The FBI is now involved in the search for two Western paintings stolen nearly 40 years ago from a museum and last seen in Scottsdale.

The paintings are tied to one of the biggest stolen art mysteries in recent history, found in the same home as a stolen Willem de Kooning painting. That painting, titled Woman-Ochre, was recovered in 2017 and is worth more than $100 million. Law enforcement didnt realize at the time that the de Kooning was not the only piece of stolen art in the home.

The paintings went practically unnoticed among the belongings of a seemingly ordinary retired couple, Jerry and Rita Alter, who lived in rural Cliff, New Mexico.

After the Alters died, the de Kooning wound up in an antique store in 2017 in nearby Silver City, whose owners quickly realized it was stolen and returned it to the University of Arizona, where it has been stolen in 1985.

The two Western paintings, by contrast, were donated by the estate to a non-profit thrift store, also in Silver City. They werent recognized as stolen and were auctioned off in Scottsdale to benefit the non-profit.

We dont know where the paintings are today, said Lou Schachter, a crime and travel writer for Medium, an online publication.

He was the first to connect the dots that the paintings auctioned in Scottsdale were the same ones stolen from the Harwood Museum of Art in Taos, New Mexico, in 1985.

Schachter detailed his findings in a recent story, prompting a nationwide hunt for the stolen treasures.

David Witt was the museums curator when the paintings were stolen.

The day they were taken, he was away from the museum, in Santa Fe ironically attending a seminar about museum security. The museum occupied the second floor off a two-story building; a library was on the ground floor. Only two staffers were there that day, he said.

One was the librarian, who went upstairs to turn off the lights at the end of the day. He noticed the paintings were gone, yanked from the wall with such force that the bottom frame of one of the paintings Aspens by Victor Higgins was broken off. Another painting, originally titled Oklahoma Cheyenne, by Joseph Henry Sharp, was also gone. The Sharp painting was valued at $35,000; the Higgins at $12,500.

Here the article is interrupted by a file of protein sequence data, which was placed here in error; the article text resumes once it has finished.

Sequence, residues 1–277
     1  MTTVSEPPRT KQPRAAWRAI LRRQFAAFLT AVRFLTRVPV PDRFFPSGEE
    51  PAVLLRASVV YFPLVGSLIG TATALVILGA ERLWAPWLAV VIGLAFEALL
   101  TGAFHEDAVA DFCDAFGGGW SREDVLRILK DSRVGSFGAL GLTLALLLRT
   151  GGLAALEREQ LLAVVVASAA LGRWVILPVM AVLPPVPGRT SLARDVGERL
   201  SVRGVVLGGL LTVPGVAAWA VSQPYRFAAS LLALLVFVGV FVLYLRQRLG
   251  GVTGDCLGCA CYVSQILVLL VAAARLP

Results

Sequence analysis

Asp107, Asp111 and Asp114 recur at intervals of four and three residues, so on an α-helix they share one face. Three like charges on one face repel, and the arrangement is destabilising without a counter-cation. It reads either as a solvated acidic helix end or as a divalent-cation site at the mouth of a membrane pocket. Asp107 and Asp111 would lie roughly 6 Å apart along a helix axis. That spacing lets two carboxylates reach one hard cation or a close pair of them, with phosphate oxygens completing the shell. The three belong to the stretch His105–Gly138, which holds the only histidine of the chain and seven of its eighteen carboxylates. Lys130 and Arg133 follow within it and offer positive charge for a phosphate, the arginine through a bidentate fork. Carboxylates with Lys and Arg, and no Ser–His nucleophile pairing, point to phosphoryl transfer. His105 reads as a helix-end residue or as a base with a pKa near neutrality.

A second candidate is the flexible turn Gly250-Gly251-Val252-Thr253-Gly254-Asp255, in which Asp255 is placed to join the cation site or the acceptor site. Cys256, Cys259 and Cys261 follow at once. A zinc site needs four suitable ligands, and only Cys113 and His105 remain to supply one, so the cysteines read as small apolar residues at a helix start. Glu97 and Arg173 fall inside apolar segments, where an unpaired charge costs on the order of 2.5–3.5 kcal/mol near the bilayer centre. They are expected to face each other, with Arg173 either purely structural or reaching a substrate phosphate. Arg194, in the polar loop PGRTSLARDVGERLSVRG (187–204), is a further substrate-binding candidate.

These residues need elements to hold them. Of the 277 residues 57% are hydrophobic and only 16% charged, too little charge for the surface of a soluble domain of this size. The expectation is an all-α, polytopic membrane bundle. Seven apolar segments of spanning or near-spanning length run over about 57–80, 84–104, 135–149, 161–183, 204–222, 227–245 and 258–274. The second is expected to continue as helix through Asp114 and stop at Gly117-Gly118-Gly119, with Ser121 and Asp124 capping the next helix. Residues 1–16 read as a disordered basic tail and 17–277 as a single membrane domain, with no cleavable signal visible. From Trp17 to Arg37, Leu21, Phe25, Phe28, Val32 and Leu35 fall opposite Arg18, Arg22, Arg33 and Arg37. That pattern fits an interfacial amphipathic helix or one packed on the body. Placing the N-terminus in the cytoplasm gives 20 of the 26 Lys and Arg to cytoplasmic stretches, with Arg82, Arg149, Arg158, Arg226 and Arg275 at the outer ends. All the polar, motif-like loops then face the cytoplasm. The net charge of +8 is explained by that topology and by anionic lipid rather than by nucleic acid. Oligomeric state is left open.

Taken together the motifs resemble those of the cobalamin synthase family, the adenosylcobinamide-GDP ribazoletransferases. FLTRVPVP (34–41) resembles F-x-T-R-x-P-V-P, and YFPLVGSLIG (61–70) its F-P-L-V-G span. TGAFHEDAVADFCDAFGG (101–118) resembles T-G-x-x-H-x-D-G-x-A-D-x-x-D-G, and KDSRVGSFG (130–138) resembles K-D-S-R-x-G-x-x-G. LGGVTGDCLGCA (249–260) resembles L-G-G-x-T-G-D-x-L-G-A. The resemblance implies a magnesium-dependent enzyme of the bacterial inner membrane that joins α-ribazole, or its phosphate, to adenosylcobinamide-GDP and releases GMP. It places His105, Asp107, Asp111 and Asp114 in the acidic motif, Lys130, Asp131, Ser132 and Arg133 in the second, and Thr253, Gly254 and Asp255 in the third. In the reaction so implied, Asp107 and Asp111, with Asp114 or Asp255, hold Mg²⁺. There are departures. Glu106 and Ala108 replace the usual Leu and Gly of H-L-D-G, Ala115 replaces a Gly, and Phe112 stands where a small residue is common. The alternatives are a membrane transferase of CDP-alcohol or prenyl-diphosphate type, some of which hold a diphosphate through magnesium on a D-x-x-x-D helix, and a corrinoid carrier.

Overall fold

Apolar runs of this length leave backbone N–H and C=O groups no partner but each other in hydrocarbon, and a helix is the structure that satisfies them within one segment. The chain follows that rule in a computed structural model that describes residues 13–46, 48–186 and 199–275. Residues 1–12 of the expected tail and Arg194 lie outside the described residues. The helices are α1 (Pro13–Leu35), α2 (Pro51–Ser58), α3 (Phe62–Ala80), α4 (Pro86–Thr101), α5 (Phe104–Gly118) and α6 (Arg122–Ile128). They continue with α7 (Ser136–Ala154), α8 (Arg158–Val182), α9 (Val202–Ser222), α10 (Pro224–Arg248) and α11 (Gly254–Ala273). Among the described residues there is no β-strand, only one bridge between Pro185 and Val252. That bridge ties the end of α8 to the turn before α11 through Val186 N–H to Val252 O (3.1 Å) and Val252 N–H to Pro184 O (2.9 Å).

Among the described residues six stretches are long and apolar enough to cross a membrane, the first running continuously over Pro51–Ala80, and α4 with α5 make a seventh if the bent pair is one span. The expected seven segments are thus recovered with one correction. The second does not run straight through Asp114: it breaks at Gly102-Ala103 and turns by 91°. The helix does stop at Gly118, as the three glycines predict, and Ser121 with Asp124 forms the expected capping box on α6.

The librarian told police he remembered seeing a man with a mustache and wearing a black raincoat, leave the museum. The raincoat reference is eerily similar to witness descriptions of the de Kooning theft at the University of Arizona, which would happen six months later. In that theft, one of the thieves wore a trench coat.

Taos police found little evidence besides the broken frame. The Harwood, like other museums at the time, had no video cameras.

“The loss of Higgins and Sharp at the same time was a pretty major blow for us, Witt said.

For years, he searched through Western art auction catalogues, thinking the stolen works might show up for sale.

But of course, they never did, he said.

Fast Forward to 2017.

Thats when the executor of Jerry and Rita Alters estate, their nephew Ron Roseman, cleared out their house to prepare it for sale after the death of his aunt. He dropped off the two Western paintings along with boxes of other household goods to a non-profit thrift store in nearby Silver City.

The two Western paintings werent recognized as stolen. So the non-profit arranged to sell them through the Scottsdale Art Auction. The Sharp painting sold for $52,650; the Higgins landscape went for $93,600.

The Scottsdale Art Auction declined an interview request from ABC15 but said in a statement:

We do our due diligence to prevent the sale of stolen goods, which we have not experienced to date. At the time of taking these two works on consignment, we checked the FBIs National Stolen Art File and neither painting was listed nor are they listed today. We will cooperate completely with the FBI in this matter.

Margot Cravens, a spokeswoman for the FBI Albuquerque Division, confirmed the FBIs involvement in the case of the Hardwood Museum paintings.

But given the ongoing nature of the investigation, it would not be appropriate to discuss the FBI’s processes at this time, she said in a statement.

The museum has formed a task force aimed at recovering the stolen paintings.

It would be amazing to get these works back, said the Juniper Leherissey, the museums executive director.

She said the paintings absolutely could still be in Arizona or even overseas. Its also possible the art has passed through multiple owners, none of them aware they bought stolen art.

For Schachter, the writer, the story wont be complete until the paintings are found and returned.

This auction was only five or six years ago, said Schachter as he spoke from downtown Scottsdale only a recent day, only steps from the gallery where the paintings were once auctioned.

So it shouldnt be too hard to find out who bought them, whether those people still have them or resold them.


Call the Harwood Museum at (

575) 758-9826 ext. 106 or email or the FBI at 1-800-CALL-FBI or

Email ABC15 Investigator Anne Rymanat

, call her at 602-685-6345, or connect on X, formerly known as